CFC: She’d Be HOT Without the Glasses and Ponytail!

Makeover scene from Princess Diaries
Anne Hathaway as Mia Thermopolis (center) in The Princess Diaries

From Mav: A few weeks ago, we did an episode about the Princess Diaries 1&2 films. Ever since then, something has been getting at me. In the first film, there’s the requisite teen movie makeover scene…. Mia Thermopolis is an “ugly duckling”, but it turns out all they really have to do is take off her glasses and fix her hair and then suddenly, DAMN! SHE’S SO HAWT!!! And of course, there’s the obvious not so subtle theme that this is silly. It’s the same girl; beauty is just a performative and arbitrary set of markers that we have decided on and the real beauty was always inside… yadda yadda yadda! And of course there’s the counter dig is that it’s really easy to say that everyone is secretly beautiful on the inside when everyone is secretly Anne Hathaway. But most of us don’t have that advantage.

But really, none of that is what grabbed me when watching the film. Instead it was that the honest truth is… I had remembered Mia being “uglier” … or at least “less conventionally attractive” before her makeover. I at least remembered her wearing her glasses more. But not so much. In fact, she barely wears her glasses at all. Just enough to remind you that she needs glasses and is therefore hideous… then she takes them off! So really, most of her makeover is… they comb her hair. Ok, they also tweeze her eyebrows and put on some makeup… but really, not that much… because most of the magic here was that they were already working with a base of Ann Hathaway. It’s really just the straightened hair

Makeover scene from Not Another Teen Movie
Chyler Leigh as Janey Briggs (left) and Mia Kirshner as Catherine Wyler in Not Another Teen Movie

So I went down a slight rabbit hole here thinking about the other films which do this whole makeover that is really just taking off the glasses and letting out the ponytail. The obvious one here is Chyler Leigh in Not Another Teen Movie since the fact that that’s all they’re doing is sort of a major plot point in the movie. They’re making fun of the fact that everyone treats Janey like she looks different even though she looks exactly the same.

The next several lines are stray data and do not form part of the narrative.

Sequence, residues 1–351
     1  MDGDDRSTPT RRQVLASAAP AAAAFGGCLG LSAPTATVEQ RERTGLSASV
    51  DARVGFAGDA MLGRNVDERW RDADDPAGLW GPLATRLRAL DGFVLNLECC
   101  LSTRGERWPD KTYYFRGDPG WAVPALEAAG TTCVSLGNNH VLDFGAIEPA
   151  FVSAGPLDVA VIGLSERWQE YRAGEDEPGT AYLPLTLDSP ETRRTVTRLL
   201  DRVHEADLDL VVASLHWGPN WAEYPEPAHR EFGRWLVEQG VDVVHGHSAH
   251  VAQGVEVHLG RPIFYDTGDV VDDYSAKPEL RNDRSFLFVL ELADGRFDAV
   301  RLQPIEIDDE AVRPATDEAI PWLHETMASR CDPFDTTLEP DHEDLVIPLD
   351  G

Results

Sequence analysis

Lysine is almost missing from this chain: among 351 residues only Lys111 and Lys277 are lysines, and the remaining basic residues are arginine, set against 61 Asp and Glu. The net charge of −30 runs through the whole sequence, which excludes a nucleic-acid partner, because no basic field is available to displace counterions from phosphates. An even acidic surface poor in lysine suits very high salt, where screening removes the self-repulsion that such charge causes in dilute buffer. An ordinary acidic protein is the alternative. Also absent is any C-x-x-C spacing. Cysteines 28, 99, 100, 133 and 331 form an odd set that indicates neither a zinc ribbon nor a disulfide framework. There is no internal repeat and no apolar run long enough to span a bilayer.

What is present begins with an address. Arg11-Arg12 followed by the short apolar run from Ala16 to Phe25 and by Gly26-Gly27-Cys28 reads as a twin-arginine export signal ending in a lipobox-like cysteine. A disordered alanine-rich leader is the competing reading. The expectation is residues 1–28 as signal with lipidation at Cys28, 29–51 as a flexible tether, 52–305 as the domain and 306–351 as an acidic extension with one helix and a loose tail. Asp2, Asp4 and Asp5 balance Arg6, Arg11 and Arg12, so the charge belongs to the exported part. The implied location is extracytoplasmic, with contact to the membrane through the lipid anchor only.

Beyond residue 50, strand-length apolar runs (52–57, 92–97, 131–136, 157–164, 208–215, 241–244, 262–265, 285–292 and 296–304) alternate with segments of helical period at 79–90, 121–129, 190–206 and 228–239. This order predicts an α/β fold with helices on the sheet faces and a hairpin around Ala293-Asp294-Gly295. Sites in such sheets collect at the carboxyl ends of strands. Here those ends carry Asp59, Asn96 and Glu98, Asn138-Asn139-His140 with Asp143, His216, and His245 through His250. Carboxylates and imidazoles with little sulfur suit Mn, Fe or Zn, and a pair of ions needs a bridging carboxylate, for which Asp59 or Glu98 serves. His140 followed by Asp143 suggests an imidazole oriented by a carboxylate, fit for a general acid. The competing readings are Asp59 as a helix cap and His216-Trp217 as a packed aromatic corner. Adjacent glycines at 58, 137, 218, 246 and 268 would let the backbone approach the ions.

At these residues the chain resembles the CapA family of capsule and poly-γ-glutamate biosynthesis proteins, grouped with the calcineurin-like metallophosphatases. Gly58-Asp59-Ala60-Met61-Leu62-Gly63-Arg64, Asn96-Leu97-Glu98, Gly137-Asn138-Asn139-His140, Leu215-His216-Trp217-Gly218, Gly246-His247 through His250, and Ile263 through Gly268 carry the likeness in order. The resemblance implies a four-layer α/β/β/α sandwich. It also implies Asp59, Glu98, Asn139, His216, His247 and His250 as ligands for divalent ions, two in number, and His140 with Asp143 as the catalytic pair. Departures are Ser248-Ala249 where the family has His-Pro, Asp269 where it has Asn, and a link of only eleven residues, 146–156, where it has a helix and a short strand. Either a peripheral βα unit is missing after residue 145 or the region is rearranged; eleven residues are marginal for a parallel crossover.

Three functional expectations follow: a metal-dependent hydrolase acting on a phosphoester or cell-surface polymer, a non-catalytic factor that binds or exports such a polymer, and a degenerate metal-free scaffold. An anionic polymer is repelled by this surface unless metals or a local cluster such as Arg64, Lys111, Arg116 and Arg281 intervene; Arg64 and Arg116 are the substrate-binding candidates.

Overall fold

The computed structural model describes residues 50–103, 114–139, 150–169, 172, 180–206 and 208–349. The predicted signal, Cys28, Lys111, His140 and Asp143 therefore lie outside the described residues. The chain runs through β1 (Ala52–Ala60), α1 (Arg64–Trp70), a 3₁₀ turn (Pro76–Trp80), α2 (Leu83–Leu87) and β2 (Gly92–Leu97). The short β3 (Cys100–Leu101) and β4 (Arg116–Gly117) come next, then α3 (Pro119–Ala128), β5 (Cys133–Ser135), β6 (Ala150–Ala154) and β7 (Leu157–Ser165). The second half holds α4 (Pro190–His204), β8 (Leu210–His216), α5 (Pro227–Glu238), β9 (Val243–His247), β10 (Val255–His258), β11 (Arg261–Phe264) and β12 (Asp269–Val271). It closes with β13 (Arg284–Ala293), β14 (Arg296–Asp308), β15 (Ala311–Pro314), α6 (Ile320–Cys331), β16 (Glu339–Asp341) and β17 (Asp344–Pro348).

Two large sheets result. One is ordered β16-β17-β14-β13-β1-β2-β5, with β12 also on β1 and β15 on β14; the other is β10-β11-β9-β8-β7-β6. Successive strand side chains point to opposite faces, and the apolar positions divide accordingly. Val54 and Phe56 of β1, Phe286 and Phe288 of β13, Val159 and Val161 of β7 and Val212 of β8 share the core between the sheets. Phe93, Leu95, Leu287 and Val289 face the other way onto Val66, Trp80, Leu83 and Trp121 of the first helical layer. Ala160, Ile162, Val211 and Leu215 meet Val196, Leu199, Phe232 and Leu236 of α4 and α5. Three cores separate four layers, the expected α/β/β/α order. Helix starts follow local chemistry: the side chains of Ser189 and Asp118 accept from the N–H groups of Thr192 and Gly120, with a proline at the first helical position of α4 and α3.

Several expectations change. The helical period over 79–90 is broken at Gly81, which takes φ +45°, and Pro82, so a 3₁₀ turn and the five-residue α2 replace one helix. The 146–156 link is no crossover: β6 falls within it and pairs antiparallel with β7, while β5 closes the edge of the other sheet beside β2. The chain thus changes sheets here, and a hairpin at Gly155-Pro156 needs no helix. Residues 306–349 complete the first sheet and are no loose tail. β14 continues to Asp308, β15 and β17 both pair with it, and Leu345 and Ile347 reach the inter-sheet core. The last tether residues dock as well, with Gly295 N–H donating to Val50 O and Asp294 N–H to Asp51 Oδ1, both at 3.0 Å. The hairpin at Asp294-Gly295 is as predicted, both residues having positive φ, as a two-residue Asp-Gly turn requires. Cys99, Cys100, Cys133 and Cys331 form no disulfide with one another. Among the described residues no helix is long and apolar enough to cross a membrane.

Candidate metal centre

Before and After makeover from She's All That
Rachel Leigh Cook as Laney Boggs in She’s All That

But the thing is, that scene isn’t really all that over the top. The reason they have to go SO FAR as to have Janey fall through the floor is that the original version of the scene in She’s All That is already very self-aware and knows that Laney’s transformation is anything but drastic because Rachel Leigh Cook is just a knock-out even as a nerd. The parodies act like Laney was treated as though she was a hideous loser… but really, that’s not true. She’s unpopular — mostly because she’s poor, unstylish and antisocial — not ugly. The movie knows that the simplicity of Laney’s makeover was ridiculous.

Makeover scene from Miss Congeniality
Sandra Bullock as Gracie Hart in Miss Congeniality

The truth is, as far as I can tell most makeover scenes actually aren’t really all that drastic. Especially not the teen makeover scenes. I found a list of “the Best Hollywood Makeover Scenes” and went through them all and most of the classic ones that everyone remembers are for adult women and they’re more about the clothes than anything else: In Pretty Woman Julia Roberts is already a gorgeous prostitute. Similar for Maid in Manhattan with J-Lo or Devil Wears Prada, again with Anne Hathaway, it’s more about not being able to afford the luxury items that that make you the right kind of pretty. It’s a statement on class more than physical beauty. The biggest example I can think of to making an actual specific statement about femininity through the makeover in a modern film is Miss Congeniality where Gracie is still a rough and tumble tomboy even if she happens to be wearing a formfitting dress. But even there, the message is that Gracie is the same person underneath and the sexiness is more of a disguise than anything else… not a true transformation. It’s still about class! This was always the thing with stories like My Fair Lady in the first place. The inner you is the real you. Or whatever.